I was recently trying to condense the cache of papers I’ve saved through the years and came across an entire issue of Harper’s Magazine from November 1990.
I remembered why I saved that issue. I was young and visiting Paris on my own, during La Crise du golfe. I had brought books to read, and I bought the International Herald Tribune daily for news about the situation in the Gulf. But Harper’s was lighter to carry around, and besides that, it had become a sense of home—a manifestation of the America I wanted to believe was true, especially then. I had the magazine with me when I ate alone in restaurants and cafés.
I think the reason I kept that issue was less its value as travel memento than the impact of an essay by Lewis Lapham, the publisher at the time. Lapham could be an annoyance in his vitriolic monthly columns. Yes, yes, you’d say. But what are we going to do about it? I’d start a column but often had to stop when his too-clever-by-half putdowns got in the way of his message.
In a pithy irony within our golden age of irony, state election officials around the country are seizing on a voting strategy that a few years ago would have seemed unthinkable: paper ballots.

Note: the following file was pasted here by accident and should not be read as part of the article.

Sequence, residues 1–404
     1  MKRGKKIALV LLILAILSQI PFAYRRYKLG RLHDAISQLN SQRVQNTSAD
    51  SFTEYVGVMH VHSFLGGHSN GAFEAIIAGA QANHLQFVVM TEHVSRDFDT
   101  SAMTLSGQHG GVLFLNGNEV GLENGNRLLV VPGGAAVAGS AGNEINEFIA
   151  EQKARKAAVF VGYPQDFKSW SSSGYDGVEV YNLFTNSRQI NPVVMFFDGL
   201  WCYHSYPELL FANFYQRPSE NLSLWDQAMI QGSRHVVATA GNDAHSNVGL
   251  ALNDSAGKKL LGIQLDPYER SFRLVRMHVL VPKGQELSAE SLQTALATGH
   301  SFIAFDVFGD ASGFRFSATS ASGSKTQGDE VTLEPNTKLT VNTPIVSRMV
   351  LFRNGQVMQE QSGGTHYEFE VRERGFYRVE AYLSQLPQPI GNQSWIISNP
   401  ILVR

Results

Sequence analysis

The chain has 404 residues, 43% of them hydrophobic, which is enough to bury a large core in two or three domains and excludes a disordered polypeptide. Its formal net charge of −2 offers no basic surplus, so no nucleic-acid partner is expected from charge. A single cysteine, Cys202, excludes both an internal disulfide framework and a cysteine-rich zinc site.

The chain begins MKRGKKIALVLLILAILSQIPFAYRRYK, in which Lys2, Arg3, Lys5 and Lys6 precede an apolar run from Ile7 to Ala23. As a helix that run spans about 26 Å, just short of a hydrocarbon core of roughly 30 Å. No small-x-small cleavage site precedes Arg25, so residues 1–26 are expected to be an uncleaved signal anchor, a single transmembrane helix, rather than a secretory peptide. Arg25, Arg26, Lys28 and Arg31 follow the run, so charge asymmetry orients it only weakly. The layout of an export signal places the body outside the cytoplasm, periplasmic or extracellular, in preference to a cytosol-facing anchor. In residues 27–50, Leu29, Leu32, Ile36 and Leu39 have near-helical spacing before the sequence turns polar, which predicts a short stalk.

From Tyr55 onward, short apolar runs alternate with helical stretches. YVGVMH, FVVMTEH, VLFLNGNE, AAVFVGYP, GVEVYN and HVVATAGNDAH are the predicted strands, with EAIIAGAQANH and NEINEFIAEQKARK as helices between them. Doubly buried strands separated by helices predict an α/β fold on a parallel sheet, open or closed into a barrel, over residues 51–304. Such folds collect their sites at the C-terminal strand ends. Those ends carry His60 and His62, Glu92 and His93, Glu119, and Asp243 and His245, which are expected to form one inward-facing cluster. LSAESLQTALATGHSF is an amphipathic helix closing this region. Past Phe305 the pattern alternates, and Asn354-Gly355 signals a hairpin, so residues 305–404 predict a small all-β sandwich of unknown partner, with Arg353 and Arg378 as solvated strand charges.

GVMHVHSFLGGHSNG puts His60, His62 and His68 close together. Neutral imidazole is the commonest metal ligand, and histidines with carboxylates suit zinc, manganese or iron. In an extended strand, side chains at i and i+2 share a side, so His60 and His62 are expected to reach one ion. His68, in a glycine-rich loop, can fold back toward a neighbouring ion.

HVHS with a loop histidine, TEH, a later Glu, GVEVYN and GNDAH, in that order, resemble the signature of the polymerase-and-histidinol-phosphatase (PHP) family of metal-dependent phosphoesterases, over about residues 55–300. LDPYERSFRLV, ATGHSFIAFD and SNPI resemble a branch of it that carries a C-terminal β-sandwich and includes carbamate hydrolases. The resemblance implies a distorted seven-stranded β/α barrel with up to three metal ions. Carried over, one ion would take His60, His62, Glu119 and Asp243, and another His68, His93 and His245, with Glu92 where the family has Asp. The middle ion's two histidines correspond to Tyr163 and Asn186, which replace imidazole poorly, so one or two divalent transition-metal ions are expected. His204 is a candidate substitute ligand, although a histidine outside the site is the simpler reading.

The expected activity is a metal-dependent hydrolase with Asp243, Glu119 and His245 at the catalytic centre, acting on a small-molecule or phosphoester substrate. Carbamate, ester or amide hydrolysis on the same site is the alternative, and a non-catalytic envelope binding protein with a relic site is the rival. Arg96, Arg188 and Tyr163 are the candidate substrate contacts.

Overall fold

We know that Russia will try to influence the 2018 elections, whether through the primaries that begin this month or the November midterms. In their quest to undermine American democracy, they’ll use the tried-and-true method—spreading misinformation using social media platforms—and give hacking into electronic voting systems another crack. They may have other things up their sleeves, but unless Robert Mueller announces more indictments, such things will probably go under the radar.
This week, America’s fearless leader reiterated his refrain that Russia had “no impact on our votes” in the election that put him in office. He did, however, indicate that the nation should guard against meddling in the midterms. “One of the things we’re learning,” he said, “it’s always good to have a paper backup system of voting. Called paper.” Read more
On this date in 1789, the new Congress under the new U.S. Constitution met for the first time. This is a rather sad anniversary to recount—sad because this was the point at which the history of our legislative government might’ve played out in different ways, many of them worse but maybe a few better than what we have now. It’s also sad because New York City had been selected as capital of the new republic—an honor deserved and yet retained for all of twenty-four months.
That America’s first session of Congress failed to achieve a quorum seems just what you’d expect. It took weeks for the House’s 65 members to get their tail feathers into town. George Washington was almost two months into his election and awaiting inauguration. That Congress finally made the quorum on April 1 is all too rich. On April Fool’s Day, it elected its first Speaker, Representative Frederick Muhlenberg of Pennsylvania, today affectionately known as The Gerrymander State. Read more